Have you ever had a slump in your spiritual walk? You’re praying and reading your Bible regularly but all of a sudden you feel like you’ve hit a brick wall. I’ve been there.
I was reading a book by Fr. Mitch Pacwa called “How to Listen When God is Speaking.” I really was just browsing through it since we had it in the store and I wanted to see what it was about. In a chapter where he was discussing Ignatius of Loyola he talked about desolation. He described it this way:
“The soul feels turmoil and darkness and an inclination to what is low and earthly. Many disturbances and temptations make the person restless, and this leads to a lack of faith, hope, and charity. The soul feels sluggish, slothful, sad, and separated from God. The spiritual life is tepid or lukewarm and does not bring joy or peace.” (58)
Ignatius offers three reasons why a Christian might experience desolation. Fr. Pacwa explains:
“First, some people become tepid in devotion or lazy about doing spiritual exercises or even downright negligent. Of course, it is easy to let the busyness of the day get in the way of doing spiritual exercises such as daily prayer, Mass, or the Rosary. However, when we become neglectful, we should remember that missing our time with God is truly missing out on life’s joy, and its omission will contribute to a desolate state in our souls.
The second reason for desolation is that God desires to test us. Though a person may not have done anything wrong, the Lord wants to see how far we will extend ourselves in serving and praising him, even when we do not receive consolations in return for our efforts. This type of testing gives us greater strength, even in the midst of anxiety and spiritual emptiness.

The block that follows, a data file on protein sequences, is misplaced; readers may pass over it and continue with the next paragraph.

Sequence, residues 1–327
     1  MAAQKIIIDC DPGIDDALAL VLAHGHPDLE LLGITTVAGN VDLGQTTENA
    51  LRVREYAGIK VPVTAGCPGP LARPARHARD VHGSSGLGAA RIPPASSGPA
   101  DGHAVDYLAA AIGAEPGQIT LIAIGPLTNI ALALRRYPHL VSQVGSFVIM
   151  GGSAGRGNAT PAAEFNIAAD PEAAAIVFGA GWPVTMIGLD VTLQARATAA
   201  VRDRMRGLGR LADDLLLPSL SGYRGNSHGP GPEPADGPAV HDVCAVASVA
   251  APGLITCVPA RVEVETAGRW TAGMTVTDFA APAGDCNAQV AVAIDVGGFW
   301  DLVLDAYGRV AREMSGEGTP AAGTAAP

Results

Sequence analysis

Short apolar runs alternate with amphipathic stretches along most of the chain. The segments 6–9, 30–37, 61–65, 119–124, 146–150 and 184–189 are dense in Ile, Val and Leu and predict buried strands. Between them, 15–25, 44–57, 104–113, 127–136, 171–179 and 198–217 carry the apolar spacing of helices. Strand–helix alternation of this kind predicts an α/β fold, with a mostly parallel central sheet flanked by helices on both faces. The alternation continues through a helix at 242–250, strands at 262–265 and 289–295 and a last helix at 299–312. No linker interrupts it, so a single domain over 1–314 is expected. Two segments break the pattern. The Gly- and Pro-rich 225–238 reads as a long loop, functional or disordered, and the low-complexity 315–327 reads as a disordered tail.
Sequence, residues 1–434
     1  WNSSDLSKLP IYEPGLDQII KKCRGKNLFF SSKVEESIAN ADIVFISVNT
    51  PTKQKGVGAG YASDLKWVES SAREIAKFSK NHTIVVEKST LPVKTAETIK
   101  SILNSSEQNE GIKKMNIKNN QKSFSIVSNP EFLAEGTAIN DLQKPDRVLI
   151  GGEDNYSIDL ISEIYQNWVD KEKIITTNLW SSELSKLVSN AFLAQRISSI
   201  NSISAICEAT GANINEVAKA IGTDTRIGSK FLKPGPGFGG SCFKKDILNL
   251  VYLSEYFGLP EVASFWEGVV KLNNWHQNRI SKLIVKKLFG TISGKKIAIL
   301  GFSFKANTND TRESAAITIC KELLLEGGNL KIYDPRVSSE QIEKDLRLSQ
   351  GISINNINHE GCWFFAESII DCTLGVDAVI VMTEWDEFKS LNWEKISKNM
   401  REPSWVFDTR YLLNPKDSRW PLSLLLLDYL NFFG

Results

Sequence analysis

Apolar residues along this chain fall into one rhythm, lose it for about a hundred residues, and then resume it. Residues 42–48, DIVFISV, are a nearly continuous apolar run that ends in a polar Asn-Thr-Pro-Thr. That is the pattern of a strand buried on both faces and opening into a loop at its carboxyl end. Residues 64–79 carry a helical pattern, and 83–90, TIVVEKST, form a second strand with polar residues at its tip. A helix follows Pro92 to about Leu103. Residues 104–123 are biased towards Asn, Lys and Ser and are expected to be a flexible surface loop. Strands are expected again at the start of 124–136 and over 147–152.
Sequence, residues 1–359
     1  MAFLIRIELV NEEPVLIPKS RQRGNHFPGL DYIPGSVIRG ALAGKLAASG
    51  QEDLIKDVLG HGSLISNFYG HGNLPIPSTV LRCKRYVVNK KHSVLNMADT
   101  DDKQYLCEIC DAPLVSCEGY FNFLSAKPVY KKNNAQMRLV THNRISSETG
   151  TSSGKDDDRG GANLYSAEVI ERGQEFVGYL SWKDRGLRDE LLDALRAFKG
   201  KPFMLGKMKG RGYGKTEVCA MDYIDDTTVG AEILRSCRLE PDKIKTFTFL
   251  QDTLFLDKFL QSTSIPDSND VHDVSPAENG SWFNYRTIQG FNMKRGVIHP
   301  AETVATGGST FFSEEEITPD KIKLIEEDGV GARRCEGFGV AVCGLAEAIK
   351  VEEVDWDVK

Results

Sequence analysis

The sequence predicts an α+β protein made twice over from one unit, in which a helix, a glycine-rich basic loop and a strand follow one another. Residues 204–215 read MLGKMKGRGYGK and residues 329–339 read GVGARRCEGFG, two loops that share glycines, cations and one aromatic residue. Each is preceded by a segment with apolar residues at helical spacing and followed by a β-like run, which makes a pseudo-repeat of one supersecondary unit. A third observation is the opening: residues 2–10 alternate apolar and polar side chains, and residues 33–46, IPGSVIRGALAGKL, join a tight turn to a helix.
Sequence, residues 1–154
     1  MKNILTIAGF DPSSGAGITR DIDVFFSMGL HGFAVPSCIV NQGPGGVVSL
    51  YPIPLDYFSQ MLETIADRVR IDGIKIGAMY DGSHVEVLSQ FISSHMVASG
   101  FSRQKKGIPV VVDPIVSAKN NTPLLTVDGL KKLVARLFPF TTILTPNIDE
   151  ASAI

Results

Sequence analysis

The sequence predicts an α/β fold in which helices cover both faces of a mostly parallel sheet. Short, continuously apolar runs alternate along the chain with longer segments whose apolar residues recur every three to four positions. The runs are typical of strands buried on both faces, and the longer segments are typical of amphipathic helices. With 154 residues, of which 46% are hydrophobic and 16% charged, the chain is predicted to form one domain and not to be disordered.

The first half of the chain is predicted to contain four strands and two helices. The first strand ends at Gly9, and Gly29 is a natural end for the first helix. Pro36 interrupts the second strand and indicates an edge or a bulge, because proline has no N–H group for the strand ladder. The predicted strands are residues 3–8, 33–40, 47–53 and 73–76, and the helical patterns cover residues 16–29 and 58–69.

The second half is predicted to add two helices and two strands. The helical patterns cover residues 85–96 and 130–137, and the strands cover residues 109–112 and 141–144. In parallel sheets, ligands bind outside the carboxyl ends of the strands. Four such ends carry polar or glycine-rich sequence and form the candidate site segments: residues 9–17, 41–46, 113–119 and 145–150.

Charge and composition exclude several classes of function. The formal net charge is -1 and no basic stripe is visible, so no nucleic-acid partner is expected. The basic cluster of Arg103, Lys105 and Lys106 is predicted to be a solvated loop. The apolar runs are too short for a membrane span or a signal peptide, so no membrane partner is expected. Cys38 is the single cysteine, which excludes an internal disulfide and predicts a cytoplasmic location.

The third reason for desolation is to make it clear to us that we cannot maintain or create spiritual consolations—including increases of faith, hope, or love or experiences of tears and joy—simply by human means. At times God wants us to become more strongly aware that these consolations are truly gifts of his grace and not merely humanly devised techniques for good spiritual health. This type of desolation reminds us that we are truly in a relationship with a sovereign God and that we cannot manufacture spiritually by our own wits and power. Such experiences can prevent religious and spiritual people from becoming prideful and being tempted to think that they are better than others. Desolation reminds such people that we all have sinned and have fallen short of the glory of God (Romans 3:23). We all depend not on ourselves but on God’s mercy, love, and grace.” (62-64)
I especially enjoyed the third reason. We can often try to live a certain kind of life with the expectation that if I do A,B and C God will obviously reward me with X. Pacwa describes it perfectly as “devised techniques for good spiritual health.” We might think that if we are faithful in a “quiet time” and church attendance then God will certainly provide us with a good life and lots of blessings. Hard times will be minimal and only last for a short time (day or two at most). The faithful won’t lose their jobs or homes or a child.
If you live long enough you will experience spiritual desolation. Don’t wait till you’re in the middle of it to try to figure it out. Prepare now for it. Another good book on this is Spiritual Depression by D. Martyn Lloyd-Jones.